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Class of 2025 declare their majors: Economics becomes the most popular major, MCS relegated to second-place

All PostsNewsClass of 2025 declare their majors: Economics becomes the most popular major, MCS relegated to second-place

Story | Suman (they/them), Co-Editor-in-Chief

Photo | Joshua Vargas (he/him)

Figure 1: Distribution of Majors in Class of 2025

On the 17th of March in AY2022-2023, the Class of 2025 concluded their major declaration exercise, with a total of 226 participants, including 14 DDP students, 3 Admit Year 2019 students, and 3 Admit Year 2020 students. 

The Class of 2025 currently includes 223 students from Admit Year 2021, however, 3 of those students are yet to declare their major. As the ‘last’ Class of Yale-NUS, this marks the end of the annual major declaration exercise conducted in the students’ second semester of their sophomore year.

There have been significant changes in the spread of majors chosen across the batch (Figure 1).

Mathematical and Computational Sciences (MCS), which has been the most popular major for the past three major declaration exercises, has been relegated to second place in terms of popularity this year. For the first time in Yale-NUS’ history, Economics was the most popular major choice in the exercise, with 33 students.

Figure 2: Proportion of students spread across departments

Figure 2: Percentage of Students Declaring Majors in Each Division

The proportion of students spread across different departments remains relatively the same, however, with around 50% of students in the Social Sciences. The Sciences department which typically constitutes of around a quarter of the total students has decreased to around 22% with the Humanities department gaining more students (Figure 3).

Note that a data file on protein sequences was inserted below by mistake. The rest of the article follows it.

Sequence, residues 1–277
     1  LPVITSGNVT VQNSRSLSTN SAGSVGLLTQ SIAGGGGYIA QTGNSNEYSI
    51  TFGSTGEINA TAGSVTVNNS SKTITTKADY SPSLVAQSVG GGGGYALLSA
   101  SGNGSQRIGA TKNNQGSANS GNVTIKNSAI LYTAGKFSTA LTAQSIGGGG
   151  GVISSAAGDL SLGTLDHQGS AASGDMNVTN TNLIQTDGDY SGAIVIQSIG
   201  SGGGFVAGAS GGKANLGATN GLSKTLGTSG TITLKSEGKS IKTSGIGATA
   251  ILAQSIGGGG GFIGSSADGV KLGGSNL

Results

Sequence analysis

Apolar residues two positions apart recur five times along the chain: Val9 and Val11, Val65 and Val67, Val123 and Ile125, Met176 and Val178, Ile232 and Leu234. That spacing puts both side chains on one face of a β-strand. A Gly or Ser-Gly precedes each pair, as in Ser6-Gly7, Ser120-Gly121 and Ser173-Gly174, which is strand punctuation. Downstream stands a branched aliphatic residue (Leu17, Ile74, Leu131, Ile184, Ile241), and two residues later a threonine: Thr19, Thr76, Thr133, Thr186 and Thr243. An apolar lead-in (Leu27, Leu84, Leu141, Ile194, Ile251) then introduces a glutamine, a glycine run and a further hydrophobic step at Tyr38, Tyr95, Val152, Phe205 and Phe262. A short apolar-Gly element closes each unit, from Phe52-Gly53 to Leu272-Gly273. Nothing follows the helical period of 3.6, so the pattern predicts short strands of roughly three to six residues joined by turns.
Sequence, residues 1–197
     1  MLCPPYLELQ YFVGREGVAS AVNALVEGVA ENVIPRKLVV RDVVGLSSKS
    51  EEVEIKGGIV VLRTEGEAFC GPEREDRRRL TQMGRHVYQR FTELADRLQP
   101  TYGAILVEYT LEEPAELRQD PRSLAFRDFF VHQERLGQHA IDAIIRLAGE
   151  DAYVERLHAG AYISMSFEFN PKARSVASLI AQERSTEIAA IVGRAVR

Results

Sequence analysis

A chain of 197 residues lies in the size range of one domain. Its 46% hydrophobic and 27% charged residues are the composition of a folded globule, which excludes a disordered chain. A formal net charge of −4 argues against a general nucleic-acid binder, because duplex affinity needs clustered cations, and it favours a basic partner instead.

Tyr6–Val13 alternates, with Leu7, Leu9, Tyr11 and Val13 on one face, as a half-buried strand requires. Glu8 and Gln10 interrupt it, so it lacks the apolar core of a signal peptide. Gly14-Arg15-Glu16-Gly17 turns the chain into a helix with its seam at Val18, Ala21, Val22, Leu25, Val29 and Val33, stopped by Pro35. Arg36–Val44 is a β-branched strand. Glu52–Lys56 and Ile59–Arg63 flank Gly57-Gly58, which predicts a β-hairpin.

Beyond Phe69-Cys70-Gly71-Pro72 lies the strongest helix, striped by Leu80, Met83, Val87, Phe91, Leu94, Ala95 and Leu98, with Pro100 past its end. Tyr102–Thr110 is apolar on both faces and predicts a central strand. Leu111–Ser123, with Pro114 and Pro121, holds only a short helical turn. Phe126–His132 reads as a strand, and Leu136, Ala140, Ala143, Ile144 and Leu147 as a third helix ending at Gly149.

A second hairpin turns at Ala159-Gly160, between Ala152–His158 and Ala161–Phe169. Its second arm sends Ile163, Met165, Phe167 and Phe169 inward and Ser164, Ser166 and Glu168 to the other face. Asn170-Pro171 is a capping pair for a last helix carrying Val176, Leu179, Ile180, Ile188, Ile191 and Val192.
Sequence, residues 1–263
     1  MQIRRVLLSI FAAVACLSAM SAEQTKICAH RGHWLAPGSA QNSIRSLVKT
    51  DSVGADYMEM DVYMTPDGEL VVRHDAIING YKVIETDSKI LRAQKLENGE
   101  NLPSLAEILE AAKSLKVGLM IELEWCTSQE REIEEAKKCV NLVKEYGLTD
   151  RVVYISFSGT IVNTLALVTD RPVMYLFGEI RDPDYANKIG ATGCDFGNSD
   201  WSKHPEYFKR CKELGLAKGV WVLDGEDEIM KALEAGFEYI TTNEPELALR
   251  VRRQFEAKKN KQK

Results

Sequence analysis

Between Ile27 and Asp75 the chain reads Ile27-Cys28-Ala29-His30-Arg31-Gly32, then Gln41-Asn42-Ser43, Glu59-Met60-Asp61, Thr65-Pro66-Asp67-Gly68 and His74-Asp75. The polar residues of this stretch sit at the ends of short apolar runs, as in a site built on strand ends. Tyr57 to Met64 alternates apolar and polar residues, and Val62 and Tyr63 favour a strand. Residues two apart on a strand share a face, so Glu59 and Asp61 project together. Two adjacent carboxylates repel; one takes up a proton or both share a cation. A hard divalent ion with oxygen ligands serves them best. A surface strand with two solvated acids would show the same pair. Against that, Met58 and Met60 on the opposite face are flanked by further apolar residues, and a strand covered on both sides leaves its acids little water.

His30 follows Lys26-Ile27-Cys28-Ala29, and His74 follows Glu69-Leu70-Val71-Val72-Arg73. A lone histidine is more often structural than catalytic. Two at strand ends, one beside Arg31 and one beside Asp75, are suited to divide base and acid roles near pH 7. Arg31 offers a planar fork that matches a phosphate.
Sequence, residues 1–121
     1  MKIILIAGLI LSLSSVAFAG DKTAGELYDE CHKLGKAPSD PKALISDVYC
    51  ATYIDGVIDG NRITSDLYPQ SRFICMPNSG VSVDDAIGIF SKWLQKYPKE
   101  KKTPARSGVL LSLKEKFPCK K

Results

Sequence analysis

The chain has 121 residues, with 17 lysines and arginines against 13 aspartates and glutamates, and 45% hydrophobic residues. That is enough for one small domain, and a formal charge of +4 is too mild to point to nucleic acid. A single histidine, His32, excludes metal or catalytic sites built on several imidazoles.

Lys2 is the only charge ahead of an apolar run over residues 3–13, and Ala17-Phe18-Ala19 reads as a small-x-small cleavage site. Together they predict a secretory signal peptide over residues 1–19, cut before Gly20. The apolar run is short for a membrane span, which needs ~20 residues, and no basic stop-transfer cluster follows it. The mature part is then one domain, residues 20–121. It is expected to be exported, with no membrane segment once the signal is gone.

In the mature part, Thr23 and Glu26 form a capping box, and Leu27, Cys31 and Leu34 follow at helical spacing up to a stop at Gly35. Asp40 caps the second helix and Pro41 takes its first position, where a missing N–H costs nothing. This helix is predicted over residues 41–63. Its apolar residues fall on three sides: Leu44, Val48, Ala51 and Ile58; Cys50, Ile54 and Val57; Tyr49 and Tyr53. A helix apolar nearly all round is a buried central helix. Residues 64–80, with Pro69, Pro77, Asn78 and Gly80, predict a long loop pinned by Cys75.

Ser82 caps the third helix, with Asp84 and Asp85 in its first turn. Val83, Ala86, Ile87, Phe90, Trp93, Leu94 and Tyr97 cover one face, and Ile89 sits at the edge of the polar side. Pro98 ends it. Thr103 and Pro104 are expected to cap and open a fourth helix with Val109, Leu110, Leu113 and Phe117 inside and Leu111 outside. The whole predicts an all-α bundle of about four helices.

This drastic increase in Humanities majors is evident in Figure 4, where the percentage change of majors between the major declaration exercises of 2022 and 2023, has almost doubled, like History, leading to double the number of students in that major. In contrast, it is the Sciences department that has decreased in popularity with a significant percentage change decrease in MCS and the Physical Sciences. Environmental Studies, as well, which for the past couple of years, has been on an increasing path, had a significant decrease in students. 

Figure 3: Percentage Change in Class Composition by Major between 2022 and 2023. NB: Small changes in absolute numbers can lead to large percentage fluctuations for majors with low enrollment

One of the highlights of Yale-NUS’ liberal arts education has been its freedom to explore different disciplines and being able to change majors within the course of our degree, and in the penultimate years of the college beginning, one might be curious to note how this spread will change. A new factor to be considered in the change of majors for the Class of 2025 will be the availability of introductory courses in the final years for majors that don’t necessarily have a clear NUS-equivalent like Urban Studies. Typically, majors change as students get more freedom to explore beyond the common curriculum and through students’ study abroad, but it can be expected that flexibility will become more rigid as the college begins to shut down in a more literal sense. 

Major201720182019202020212022202320242025
Anthropology10141591371278
ArtsHum16101611866511
DDP8131112158131315
Economics8913161927172133
Env. Studies141213131720233015
Global Affairs10111171220251818
History109145118837
Life Sciences38861298821
Literature695128191034
MCS121422332724333627
Philosophy455786677
PPE172313343132212123
Phys. Sciences35841261082
Psychology131312171919221816
Urban Studies991882017181520
Total143164184194232228232213226
Figure 4: Raw Numbers of Students per major from different batches

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